As winter sets in and temperatures plummet into negative numbers, individuals working in outdoor professions face the challenges of extreme cold conditions. Safety becomes paramount to ensure well-being and productivity.
Here are a few tips to keep you safe and still be able to complete your job duties.
- Dressing Appropriately: Layering is crucial in extreme cold. Start with moisture-wicking base layers to keep sweat away from the skin. Add insulating layers for warmth and a waterproof outer layer to shield against wind and snow. Don’t forget to protect your extremities with insulated gloves, hats, and insulated, waterproof boots.
- Stay Dry: Wet clothing significantly increases the risk of hypothermia. Ensure that outer layers are waterproof, and invest in quality rain gear. Carry spare clothing to change into if you get wet, and take breaks to let wet items dry.
- Take Regular Breaks: Prolonged exposure to extreme cold can lead to fatigue and increased vulnerability to cold-related illnesses. Schedule regular breaks in a warm, sheltered area to allow the body to recover and warm up.
- Hydration and Nutrition: Staying hydrated is essential, even in cold weather. Drink warm beverages and avoid excessive caffeine or alcohol intake, as they can contribute to dehydration. Consume high-energy foods to maintain body heat.
- Recognize the Signs of Cold-Related Illnesses: Familiarize yourself with the symptoms of cold-related illnesses such as hypothermia and frostbite. Early detection is crucial. Seek medical attention if you notice numbness, tingling, or discoloration in extremities.
- Use Heated Spaces Wisely: When taking breaks indoors, make sure the transition from cold to warm environments is gradual to prevent thermal shock. Avoid prolonged exposure to direct heat sources, as this can increase the risk of burns.
- Be Aware of Wind Chill: Wind can significantly amplify the effects of cold temperatures. Monitor wind chill forecasts and take appropriate precautions. Windproof clothing and face protection become crucial in windy conditions.
- Communication and Emergency Preparedness: Ensure that communication devices are functional in cold weather. Establish an emergency plan, and communicate it to all team members. Familiarize yourself with emergency procedures and the location of nearby shelters.
Working in extreme cold temperatures requires careful planning and adherence to safety protocols. By dressing appropriately, staying dry, taking regular breaks, and being aware of the signs of cold-related illnesses, individuals can navigate the challenges of winter work safely. Prioritize your well-being and create a work environment that safeguards against the harsh conditions of extreme cold.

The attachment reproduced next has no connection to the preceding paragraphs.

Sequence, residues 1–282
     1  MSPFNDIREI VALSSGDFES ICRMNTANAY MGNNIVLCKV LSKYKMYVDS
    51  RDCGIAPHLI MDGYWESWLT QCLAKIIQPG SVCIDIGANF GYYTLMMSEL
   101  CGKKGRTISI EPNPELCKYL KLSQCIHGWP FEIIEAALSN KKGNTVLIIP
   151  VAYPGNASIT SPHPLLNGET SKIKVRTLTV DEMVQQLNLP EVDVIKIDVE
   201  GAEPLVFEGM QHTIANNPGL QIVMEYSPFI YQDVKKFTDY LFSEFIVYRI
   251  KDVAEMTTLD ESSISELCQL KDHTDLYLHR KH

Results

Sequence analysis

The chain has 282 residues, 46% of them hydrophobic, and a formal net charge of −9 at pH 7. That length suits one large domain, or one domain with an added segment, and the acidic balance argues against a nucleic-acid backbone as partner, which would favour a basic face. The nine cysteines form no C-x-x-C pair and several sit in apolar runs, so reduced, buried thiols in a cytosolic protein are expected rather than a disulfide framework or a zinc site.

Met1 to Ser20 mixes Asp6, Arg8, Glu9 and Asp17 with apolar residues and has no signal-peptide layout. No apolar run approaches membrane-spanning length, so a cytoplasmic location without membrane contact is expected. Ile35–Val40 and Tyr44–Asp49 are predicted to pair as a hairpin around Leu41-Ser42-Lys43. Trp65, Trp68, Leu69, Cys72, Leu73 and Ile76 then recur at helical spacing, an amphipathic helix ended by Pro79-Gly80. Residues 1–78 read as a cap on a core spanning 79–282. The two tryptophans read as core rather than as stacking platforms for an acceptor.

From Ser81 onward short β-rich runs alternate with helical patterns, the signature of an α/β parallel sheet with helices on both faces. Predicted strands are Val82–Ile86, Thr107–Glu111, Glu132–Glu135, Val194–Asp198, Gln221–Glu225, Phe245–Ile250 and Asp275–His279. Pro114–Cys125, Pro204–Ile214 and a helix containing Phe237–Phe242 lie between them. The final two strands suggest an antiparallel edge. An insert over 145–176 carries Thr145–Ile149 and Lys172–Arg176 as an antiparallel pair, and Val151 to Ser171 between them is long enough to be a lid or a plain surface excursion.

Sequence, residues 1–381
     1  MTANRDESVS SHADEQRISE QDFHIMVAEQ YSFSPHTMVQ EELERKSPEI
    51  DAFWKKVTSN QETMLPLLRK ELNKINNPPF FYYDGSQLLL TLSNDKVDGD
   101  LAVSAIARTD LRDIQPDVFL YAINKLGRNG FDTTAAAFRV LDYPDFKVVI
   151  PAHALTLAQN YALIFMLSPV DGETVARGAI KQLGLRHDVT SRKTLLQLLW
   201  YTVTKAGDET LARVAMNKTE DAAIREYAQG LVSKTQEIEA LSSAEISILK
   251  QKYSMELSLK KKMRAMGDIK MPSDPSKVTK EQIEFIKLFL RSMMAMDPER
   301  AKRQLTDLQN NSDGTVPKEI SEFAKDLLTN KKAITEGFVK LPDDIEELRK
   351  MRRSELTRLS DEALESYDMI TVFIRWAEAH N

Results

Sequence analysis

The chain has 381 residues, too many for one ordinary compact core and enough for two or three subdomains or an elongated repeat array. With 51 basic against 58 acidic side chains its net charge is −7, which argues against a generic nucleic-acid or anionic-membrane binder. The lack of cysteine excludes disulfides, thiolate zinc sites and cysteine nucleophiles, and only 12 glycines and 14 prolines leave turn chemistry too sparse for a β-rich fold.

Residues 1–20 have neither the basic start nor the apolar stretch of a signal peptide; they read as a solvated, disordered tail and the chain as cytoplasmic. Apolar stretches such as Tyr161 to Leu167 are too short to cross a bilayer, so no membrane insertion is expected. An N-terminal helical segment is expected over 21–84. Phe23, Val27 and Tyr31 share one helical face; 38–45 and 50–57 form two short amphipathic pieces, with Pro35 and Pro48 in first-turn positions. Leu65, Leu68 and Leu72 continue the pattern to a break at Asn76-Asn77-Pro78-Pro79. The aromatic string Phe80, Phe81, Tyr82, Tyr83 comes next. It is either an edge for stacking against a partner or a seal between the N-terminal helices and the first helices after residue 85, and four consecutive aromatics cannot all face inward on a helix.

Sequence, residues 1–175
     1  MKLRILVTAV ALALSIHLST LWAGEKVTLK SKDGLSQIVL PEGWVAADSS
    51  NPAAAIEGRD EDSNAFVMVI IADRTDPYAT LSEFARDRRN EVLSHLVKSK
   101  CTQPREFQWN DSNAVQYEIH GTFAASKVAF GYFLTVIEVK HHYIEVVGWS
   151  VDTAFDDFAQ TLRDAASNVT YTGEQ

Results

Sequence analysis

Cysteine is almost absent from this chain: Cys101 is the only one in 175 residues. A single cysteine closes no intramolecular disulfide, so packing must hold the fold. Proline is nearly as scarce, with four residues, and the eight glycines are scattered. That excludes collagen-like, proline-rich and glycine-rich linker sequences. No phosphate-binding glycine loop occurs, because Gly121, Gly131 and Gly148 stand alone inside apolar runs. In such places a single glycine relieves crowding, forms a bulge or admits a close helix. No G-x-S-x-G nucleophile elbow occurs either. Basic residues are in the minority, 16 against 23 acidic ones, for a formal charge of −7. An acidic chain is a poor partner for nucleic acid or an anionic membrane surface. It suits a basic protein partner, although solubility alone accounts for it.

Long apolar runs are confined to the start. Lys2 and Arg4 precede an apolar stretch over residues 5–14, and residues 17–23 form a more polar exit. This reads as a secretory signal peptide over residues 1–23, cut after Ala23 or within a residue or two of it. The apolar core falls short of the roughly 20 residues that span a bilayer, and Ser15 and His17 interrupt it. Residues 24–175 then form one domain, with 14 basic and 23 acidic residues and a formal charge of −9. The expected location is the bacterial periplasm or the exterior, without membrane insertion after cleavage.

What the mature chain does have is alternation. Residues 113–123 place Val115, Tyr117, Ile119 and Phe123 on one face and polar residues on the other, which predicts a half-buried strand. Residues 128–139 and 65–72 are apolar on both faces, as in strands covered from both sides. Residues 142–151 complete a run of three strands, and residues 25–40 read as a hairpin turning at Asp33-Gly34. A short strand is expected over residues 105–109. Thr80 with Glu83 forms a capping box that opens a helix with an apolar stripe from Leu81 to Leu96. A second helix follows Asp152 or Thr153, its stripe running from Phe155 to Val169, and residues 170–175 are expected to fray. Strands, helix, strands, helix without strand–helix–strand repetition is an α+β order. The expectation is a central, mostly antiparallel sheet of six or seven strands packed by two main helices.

Model Utility Task Vehicle Operator Policy Now Available
The use of UTVs and ATVs by local governments has increased dramatically over the last few years. The versatility of those vehicles lends themselves to doing a variety of tasks including work in parks and conservation, search and rescue, firefighting and other jobs in areas unsuitable for regular vehicles. As the popularity of UTVs has grown, the number of claims involving employees improperly using UTVs has also grown. In a review of those claims, the lack of training on how to safely and properly operate the vehicles is the primary issue.
To help reduce these avoidable claims, IMWCA has developed an Off-Road Vehicle Operators Safety Manual. The policy was formed from materials from the U.S. Forest Service, Iowa DNR, manufacturers’ recommendations and other source materials
Renewal Policy Information
The new experience modification factors for the 2024-25 renewals will be available soon for members and agents through our online portal at www.IMWCA.org. Watch for an email when it posted. If you need assistance with your login contact Andrew Justice.
Do you have questions as to how the experience modification factor works? Maybe you need a quick refresher? Check out a webinar on understanding your mod.
The payroll renewal worksheets will also be available for members to fill out and update via the portal on February 12.
Reminder: OSHA Reporting
OSHA recordkeeping requires any employers with 11 or more employees to track reportable injuries annually. LEARN MORE.
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LEARN Administrator Refresher
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